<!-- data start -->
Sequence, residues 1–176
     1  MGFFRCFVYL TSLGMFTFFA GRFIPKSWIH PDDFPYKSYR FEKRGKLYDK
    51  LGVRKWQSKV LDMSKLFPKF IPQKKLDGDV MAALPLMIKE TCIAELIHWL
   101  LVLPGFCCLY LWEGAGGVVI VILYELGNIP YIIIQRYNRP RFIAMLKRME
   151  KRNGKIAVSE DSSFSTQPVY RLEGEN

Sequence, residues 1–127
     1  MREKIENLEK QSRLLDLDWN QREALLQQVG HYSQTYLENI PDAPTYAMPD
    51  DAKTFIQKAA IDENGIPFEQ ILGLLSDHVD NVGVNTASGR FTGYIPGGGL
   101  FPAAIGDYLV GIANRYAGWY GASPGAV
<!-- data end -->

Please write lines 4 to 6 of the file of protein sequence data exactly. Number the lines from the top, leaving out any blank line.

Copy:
   101  LVLPGFCCLY LWEGAGGVVI VILYELGNIP YIIIQRYNRP RFIAMLKRME
   151  KRNGKIAVSE DSSFSTQPVY RLEGEN

Sequence, residues 1–127